Systemic racism isn’t anything new, but many white people are newly grappling with their complicity in white supremacy — which can lead to some complicated emotions. While a healthy dose of guilt over the collective role in anti-Black racism can motivate people to listen, learn, and do better, experts say wallowing in shame could accomplish the opposite.
Both guilt and shame stem from a perceived sense of wrongdoing, but understanding the difference can affect your ability to disengage from damaging behaviors. Jena Field, a London-based psychologist, says guilt is focused on a behavior — that’s why researchers call guilt a “moral and adaptive emotion ”— while shame is focused on the wrongdoer’s identity.
“[Shame] causes a fear response that makes us either get defensive or hide, which doesn’t allow us to step back and see what we can do differently,” Field says.
Lea Flego, a marriage and family therapist in Oregon, says shame might keep you from changing behaviors, which can be damaging in the fight against systemic racism. “If we experience shame as allies, then we won’t want to acknowledge the times we’ve benefited from a racist society,” she says. “The criticism feels so bad, and naturally as humans we try to avoid that kind of pain.”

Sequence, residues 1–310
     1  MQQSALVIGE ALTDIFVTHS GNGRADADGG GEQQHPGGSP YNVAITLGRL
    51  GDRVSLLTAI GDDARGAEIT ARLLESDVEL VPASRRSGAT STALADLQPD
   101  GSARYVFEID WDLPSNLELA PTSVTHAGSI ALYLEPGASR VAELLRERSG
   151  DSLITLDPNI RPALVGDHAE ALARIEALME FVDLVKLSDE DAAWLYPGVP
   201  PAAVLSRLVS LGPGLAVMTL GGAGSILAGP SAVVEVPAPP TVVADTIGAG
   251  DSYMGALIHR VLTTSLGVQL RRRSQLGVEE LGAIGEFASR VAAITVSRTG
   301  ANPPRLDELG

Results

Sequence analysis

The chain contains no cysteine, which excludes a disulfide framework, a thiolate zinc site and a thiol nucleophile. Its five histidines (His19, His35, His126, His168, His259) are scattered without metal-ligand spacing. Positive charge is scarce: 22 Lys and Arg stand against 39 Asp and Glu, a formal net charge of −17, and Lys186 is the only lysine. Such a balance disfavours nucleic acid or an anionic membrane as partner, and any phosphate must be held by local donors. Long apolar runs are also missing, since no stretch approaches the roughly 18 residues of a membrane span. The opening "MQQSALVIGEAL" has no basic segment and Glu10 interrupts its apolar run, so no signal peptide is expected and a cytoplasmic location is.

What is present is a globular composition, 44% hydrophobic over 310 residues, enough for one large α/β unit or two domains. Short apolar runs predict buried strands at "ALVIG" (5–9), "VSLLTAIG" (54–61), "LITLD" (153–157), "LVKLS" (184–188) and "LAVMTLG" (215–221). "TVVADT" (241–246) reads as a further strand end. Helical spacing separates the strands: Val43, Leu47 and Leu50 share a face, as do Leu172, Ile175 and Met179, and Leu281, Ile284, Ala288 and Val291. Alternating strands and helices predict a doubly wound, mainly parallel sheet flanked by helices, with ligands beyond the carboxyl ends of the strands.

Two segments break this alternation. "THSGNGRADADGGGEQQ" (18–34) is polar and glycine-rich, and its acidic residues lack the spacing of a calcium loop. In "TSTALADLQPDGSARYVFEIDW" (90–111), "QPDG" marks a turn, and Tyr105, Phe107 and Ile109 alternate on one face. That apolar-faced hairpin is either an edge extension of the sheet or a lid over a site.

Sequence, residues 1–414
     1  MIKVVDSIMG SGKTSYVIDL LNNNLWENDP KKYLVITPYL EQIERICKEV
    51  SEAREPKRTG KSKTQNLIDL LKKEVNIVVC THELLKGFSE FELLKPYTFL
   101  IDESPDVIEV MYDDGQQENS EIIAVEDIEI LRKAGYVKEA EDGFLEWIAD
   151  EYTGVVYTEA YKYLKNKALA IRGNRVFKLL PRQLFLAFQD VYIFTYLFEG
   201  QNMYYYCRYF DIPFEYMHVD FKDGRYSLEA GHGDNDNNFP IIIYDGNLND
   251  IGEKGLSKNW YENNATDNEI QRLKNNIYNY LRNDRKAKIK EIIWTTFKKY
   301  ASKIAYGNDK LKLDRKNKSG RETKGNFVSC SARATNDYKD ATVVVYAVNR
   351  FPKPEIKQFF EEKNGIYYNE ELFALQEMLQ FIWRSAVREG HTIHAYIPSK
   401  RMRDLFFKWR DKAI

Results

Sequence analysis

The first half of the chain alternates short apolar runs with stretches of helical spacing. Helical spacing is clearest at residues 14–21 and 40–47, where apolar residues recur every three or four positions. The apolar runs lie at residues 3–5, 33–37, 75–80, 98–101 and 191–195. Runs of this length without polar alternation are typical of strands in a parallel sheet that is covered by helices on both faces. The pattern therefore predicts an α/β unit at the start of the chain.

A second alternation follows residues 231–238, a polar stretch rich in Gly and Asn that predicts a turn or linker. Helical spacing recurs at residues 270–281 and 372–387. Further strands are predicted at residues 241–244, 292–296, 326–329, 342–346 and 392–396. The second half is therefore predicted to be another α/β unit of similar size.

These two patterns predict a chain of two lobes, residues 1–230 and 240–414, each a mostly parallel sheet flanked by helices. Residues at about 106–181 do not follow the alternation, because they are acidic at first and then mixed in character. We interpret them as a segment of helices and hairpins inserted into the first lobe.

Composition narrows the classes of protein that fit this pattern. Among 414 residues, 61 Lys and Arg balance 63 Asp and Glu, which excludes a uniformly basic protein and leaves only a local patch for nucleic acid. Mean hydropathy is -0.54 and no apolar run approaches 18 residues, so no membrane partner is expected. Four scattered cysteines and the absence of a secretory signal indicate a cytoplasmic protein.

Guilt can be constructive; shame is destructive
The threat response many people experience during shame is a big part of why it’s so counterproductive. According to Gerald Fishkin, a California-based psychologist and author of The Science of Shame, the experience of shame is connected with the limbic system. That’s the part of the brain that influences the autonomic nervous system, which is responsible for the fight-or-flight response.
Guilt, Fishkin says, is associated with activity in the prefrontal cortex, the logical-thinking part of the brain. Guilt can also trigger activity in the limbic system. (That’s why it can feel so anxiety-provoking.) But since that stress response is associated with prefrontal activity, the adrenaline rush helps move you forward to repair whatever you did wrong.